It can be argued that Netflix generally produces better science fiction shows, especially non-English ones, than its other genres, and Vortex is perhaps another reminder of that. A science fiction thriller with a healthy dose of drama as well, this French miniseries is quite engaging to watch. The plot follows a police officer, Ludovic Beguin, as he stumbles upon a peculiar glitch in the police’s virtual reality system that allows him to interact with his wife, Melanie, who has been dead for twenty-seven years now. Vortex is nowhere near being perfect or flawless, as it does show some inconsistencies over the six episodes’ runtime. But it still manages to prioritize the right things, mostly, and give us an entertaining watch.
Vortex takes place in the near future, in 2025, when virtual reality has been made a commonly used tool in police investigations. The procedure is simple enough, with a team of drones scanning the entire crime scene for hours, which is then developed into a VR space that detectives can access to find more clues. During such a time, our focus is planted on Ludovic Beguin, or Ludo, who is a police officer in the French city of Brest. On the 7th of July 2025, Ludo and his team reach Corsen Beach to investigate the drowning of a woman, as foul play is suspected in her death. Getting hold of clues and evidence scattered around, the woman is recognized as Zoe Levy, but nothing else about her can be immediately found. On the other side, Ludo is a bit shaken by visiting the beach, as he has a very traumatic personal memory associated with the place.
Twenty-seven years ago, in 1998, Ludo’s wife Melanie was found dead on the very same beach after supposedly falling from the high cliffs accidentally during her running session. Having become father to a baby girl at the time, Ludo was in shatters as he had to grieve the loss of his beloved while playing the role of both parents to baby Juliette. But life eventually moved on, and at present, Ludo is married to Parvana, with whom he also has a son. However, his usual life and sanity are all up for grabs when Ludo walks into the VR space of Corsen Beach to further investigate the death of Zoe Levy. Due to a peculiar and unexplainable glitch, he is able to cross over the boundaries of space and time and interact with Melanie from 1998. Determined to save his beloved wife from the misery of death, Ludo starts to think of ways that can be used to avoid Melanie’s death in 1998.
Soon it becomes a very plausible theory for Ludo that his wife had not died from an accident but was actually murdered, and the series takes the shape of a crime thriller in this way. This involves a series of investigations as a number of suspects crop up on Ludo’s list. Although not all of these investigations are completely convincing, these sections of the show are enjoyable to watch. Vortex also successfully manages to keep a certain shroud over the character of protagonist Ludo, as the man is not always on the right path. There are moments when chinks or cracks in Ludo’s mental stability start to appear, and such times naturally raise the question of whether he is actually witnessing things or if they are all part of his imagination. The desperation to help Melanie makes Ludo suspect even the closest of his aides, and at times he genuinely stands out as a figure who is against everyone else. The series successfully manages to maintain suspense over whether Melanie was actually murdered or if it was really an accident until the very last episode, which adds to the experience.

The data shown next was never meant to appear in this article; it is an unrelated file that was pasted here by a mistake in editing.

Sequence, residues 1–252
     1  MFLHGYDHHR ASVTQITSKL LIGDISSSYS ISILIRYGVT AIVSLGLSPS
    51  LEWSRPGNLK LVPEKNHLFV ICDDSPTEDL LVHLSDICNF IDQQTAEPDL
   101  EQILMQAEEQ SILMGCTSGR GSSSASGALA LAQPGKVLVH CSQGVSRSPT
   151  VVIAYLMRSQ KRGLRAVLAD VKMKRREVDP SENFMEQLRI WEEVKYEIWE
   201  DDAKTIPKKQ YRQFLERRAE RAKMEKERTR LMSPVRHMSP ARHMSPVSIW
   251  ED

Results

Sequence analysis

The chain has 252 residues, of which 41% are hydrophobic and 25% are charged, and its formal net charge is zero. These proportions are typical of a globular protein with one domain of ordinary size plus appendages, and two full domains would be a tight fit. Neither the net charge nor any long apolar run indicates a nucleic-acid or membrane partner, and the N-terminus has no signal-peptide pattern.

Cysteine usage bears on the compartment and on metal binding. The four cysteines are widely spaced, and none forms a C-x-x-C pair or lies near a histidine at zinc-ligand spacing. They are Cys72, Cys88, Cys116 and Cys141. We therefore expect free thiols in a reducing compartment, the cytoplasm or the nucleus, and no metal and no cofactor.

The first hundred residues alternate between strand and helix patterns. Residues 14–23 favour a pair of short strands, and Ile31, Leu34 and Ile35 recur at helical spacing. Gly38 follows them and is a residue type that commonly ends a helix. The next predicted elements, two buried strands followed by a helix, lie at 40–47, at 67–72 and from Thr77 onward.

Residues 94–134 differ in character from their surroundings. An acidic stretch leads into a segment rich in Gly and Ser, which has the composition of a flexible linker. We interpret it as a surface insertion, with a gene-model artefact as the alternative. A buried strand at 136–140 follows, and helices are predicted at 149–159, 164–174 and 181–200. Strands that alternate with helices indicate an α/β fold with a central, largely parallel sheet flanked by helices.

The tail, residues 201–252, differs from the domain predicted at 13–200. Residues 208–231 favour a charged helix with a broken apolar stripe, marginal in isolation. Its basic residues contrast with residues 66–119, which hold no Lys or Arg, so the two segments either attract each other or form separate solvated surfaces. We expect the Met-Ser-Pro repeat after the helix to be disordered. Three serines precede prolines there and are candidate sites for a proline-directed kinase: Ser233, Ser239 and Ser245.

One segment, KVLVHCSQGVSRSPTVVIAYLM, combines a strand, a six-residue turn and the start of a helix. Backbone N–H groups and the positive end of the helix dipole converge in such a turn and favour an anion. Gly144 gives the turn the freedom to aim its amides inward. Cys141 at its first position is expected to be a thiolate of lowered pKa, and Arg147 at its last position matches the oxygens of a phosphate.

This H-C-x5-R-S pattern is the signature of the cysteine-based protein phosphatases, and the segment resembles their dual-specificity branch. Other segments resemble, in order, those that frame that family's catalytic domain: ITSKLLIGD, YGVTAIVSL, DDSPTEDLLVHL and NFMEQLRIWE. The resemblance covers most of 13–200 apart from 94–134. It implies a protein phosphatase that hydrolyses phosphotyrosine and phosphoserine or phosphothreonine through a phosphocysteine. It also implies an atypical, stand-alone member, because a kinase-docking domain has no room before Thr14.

Vortex is also equally concerned with the idea of the butterfly effect, i.e., the fact that a small change made elsewhere can affect something completely different in the present space and time. After all, Melanie and Ludo’s interactions are because of a glitch, which is an indirect form of time travel, and therefore, an action in the past has repercussions in the present for obvious reasons. The initial few episodes are indeed spent presenting this cause-and-effect relationship, as some of Melanie’s reactions completely change the present for Ludo and his associates. Certain steps are then taken to undo these changes, and they work in the characters’ favor too, which gives the feeling that Vortex chooses to select which scenarios to give importance to and which to ignore. In effect, undoing one decision in the past cannot totally ascertain that the very same situation in the present can be reinstituted, as there are possibly numerous other small choices and decisions that all lead to a certain moment. This is also the main drawback that I had with the series, as the crucial butterfly effect is not very consistent in every scenario, taking away from the depth of the whole concept.
Another personal gripe here is that Vortex heavily stresses the dramatic over the science fiction element, which is, of course, a creative decision by the makers. The show sticks to this choice throughout the six episodes, as it focuses on human relations, bonds, and emotions, and there is no inconsistency here. No exploration into why or how this mysterious glitch was occurring, and especially why Melanie from the past did not appear to every character who accessed the VR glasses, is presented. While this is not necessarily a con for the series, it would have perhaps been even more interesting had such elements been introduced.
The acting performances, visual effects, and general direction are all adequate as well, even though none of them stands out as remarkable. There are also scenes, particularly towards the end, that are shot well to express the emotional value of the situation portrayed. Overall, Vortex is fairly interesting and entertaining and can be a good watch for fans of science fiction and drama.